Role of Steroids in Prevention of Pain on Propofol Injection
Monu Yadav*, Padmaja Durga and R. Gopinath
Department of Anesthesiology & Critical Care, Nizam’s Institute of Medical Sciences, Hyderabad, India
- *Corresponding Author:
- Dr. Monu Yadav
Department of Anesthesiology NIMS, Hyderabad, India
E-mail: [email protected]
Received date: December 8, 2010; Accepted date: March 31, 2011; Published date: April 04, 2011
Citation: Yadav M, Durga P, Gopinath R (2011) Role of Steroids in Prevention of Pain on Propofol Injection. J Anesthe Clinic Res 2:132. doi: 10.4172/2155-6148.1000132
Copyright: © 2011 Yadav M, et al. This is an open-access article distributed under the terms of the Creative Commons Attribution License, which permits unrestricted use, distribution, and reproduction in any medium, provided the original author and source are credited.
Background and objectives: Pain following intravenous injection of propofol continues to be an intriguing problem. None of the commonly used methods completely attenuate the pain. Inflammatory response to propofol contributes to the pain. Role of hydrocortisone in attenuating pain has not been evaluated. This study was conducted to compare the efficacy of lignocaine and hydrocortisone in attenuation of pain following intravenous injection of propofol.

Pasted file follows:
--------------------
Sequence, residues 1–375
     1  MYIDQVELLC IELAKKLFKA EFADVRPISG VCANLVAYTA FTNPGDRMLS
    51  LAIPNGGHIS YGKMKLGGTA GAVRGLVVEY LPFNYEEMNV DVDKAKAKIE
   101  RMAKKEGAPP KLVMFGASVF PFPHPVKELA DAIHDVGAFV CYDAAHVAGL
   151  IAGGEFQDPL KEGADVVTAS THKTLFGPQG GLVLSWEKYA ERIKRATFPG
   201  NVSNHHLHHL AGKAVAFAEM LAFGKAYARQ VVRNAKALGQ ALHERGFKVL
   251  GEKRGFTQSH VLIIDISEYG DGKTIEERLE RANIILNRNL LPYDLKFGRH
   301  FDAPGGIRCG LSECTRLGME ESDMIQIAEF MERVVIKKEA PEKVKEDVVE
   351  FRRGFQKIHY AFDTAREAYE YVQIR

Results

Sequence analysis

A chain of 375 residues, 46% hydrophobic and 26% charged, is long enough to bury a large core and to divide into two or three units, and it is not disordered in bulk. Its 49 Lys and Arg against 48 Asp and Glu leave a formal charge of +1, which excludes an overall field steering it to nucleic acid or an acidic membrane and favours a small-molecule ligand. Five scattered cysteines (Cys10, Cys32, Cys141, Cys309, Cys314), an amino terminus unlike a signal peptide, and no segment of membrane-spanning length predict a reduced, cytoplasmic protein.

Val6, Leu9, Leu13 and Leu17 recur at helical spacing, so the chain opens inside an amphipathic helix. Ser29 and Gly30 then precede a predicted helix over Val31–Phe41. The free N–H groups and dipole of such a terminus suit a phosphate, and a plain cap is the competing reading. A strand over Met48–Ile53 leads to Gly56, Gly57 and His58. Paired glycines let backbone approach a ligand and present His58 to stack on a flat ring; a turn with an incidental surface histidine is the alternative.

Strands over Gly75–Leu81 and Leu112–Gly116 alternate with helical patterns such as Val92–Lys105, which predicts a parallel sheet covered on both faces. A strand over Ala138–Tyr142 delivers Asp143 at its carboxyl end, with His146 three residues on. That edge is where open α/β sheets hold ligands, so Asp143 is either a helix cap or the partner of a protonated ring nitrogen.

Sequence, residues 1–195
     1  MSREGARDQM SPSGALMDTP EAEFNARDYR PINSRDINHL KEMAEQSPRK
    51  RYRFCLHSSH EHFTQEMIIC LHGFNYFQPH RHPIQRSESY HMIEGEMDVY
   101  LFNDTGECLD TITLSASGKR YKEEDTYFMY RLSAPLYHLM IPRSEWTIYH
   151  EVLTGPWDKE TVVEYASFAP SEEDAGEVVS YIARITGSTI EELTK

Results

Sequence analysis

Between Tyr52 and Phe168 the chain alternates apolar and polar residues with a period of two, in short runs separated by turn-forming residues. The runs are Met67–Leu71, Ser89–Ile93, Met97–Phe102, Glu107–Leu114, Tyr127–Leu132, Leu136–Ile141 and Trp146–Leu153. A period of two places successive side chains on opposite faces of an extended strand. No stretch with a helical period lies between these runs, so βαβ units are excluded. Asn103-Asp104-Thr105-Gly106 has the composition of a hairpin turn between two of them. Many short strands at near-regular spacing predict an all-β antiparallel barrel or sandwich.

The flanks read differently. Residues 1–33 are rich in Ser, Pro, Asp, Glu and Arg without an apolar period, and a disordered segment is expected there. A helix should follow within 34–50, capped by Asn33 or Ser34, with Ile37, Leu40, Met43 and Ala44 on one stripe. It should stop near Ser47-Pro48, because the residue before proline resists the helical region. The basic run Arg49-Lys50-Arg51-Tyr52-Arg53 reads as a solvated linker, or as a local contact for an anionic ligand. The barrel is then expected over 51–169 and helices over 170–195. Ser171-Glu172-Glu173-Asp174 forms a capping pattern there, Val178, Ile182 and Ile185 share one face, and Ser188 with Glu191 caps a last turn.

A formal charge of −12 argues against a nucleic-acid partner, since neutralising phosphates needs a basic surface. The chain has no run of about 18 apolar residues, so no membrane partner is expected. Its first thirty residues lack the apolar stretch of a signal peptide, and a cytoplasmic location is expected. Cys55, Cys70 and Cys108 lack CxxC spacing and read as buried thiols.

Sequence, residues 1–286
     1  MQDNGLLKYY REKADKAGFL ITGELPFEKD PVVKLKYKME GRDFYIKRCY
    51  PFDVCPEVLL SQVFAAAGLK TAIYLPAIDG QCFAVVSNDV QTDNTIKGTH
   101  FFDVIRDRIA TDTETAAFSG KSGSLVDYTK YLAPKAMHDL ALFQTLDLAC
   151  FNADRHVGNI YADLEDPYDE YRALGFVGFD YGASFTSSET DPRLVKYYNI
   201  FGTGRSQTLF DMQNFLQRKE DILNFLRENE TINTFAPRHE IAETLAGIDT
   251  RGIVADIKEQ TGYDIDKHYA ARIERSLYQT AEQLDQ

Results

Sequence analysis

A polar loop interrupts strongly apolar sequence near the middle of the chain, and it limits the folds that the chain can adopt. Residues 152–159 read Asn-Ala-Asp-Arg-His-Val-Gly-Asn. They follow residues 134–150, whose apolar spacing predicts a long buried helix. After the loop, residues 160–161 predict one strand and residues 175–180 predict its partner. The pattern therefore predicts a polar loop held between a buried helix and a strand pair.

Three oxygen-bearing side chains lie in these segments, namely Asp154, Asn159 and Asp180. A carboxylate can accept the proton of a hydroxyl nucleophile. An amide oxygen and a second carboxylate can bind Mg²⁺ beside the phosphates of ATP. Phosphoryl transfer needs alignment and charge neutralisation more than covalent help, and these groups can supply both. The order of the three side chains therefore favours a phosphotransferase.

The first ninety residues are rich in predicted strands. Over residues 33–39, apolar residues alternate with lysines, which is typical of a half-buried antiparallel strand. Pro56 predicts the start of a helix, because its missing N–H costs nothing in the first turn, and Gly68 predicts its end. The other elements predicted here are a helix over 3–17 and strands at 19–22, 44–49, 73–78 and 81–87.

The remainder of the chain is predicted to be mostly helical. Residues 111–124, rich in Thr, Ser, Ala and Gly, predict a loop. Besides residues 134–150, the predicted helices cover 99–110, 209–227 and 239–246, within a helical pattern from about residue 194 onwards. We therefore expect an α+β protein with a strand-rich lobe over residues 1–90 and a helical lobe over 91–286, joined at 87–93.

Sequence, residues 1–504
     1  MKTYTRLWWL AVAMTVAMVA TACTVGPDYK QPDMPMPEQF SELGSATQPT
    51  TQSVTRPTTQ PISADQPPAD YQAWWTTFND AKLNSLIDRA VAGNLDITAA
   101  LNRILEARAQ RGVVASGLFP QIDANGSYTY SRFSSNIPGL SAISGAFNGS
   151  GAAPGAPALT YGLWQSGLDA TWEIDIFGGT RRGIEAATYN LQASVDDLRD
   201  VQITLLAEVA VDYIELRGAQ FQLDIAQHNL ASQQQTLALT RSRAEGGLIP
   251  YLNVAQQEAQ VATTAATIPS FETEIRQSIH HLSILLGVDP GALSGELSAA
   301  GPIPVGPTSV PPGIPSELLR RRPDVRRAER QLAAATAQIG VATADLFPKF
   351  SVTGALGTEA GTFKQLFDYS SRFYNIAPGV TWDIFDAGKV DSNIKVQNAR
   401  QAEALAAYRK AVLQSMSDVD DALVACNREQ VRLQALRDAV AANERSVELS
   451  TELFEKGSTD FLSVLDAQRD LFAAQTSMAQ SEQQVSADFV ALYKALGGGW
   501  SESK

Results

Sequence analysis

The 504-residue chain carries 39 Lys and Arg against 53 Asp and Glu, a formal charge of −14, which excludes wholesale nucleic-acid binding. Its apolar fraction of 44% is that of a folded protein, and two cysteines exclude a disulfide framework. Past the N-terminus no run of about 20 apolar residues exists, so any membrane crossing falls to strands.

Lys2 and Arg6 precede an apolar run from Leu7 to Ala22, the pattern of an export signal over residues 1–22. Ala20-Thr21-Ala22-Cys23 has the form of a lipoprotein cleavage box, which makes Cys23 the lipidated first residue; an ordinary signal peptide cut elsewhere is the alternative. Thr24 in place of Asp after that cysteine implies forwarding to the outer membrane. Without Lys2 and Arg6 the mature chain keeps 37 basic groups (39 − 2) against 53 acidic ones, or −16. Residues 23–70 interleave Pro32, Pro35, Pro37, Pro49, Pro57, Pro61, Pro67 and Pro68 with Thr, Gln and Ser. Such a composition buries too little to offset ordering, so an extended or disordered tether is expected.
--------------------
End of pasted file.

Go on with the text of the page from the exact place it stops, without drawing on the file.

Methods: A prospective randomized double-blind, placebo-controlled study was conducted on 72 adult patients belonging to ASA physical status I or II, scheduled to undergo elective surgery. They were randomly assigned into four groups of 18 each. Group NS, group LG, group HC10, and group HC25, received 2ml normal saline, 2ml 2% lignocaine, 10mg/2ml hydrocortisone and 25mg/2ml hydrocortisone respectively as pretreatment. Propofol was injected 30 sec later. A blinded researcher assessed the patient’s pain level using a four point verbal rating scale.
Results: The four groups were comparable in respect to patient’s characteristics. There was no significant difference of haemodynamics changes during propofol induction between all the groups. There was no statistically significant difference in the incidence of pain between patients who received hydrocortisone and the placebo group. The incidence of pain was significantly less in group LG than other 3 groups.
Conclusion: Use of intravenous low dose hydrocortisone pretreatment of the vein does not attenuate pain following propofol injection.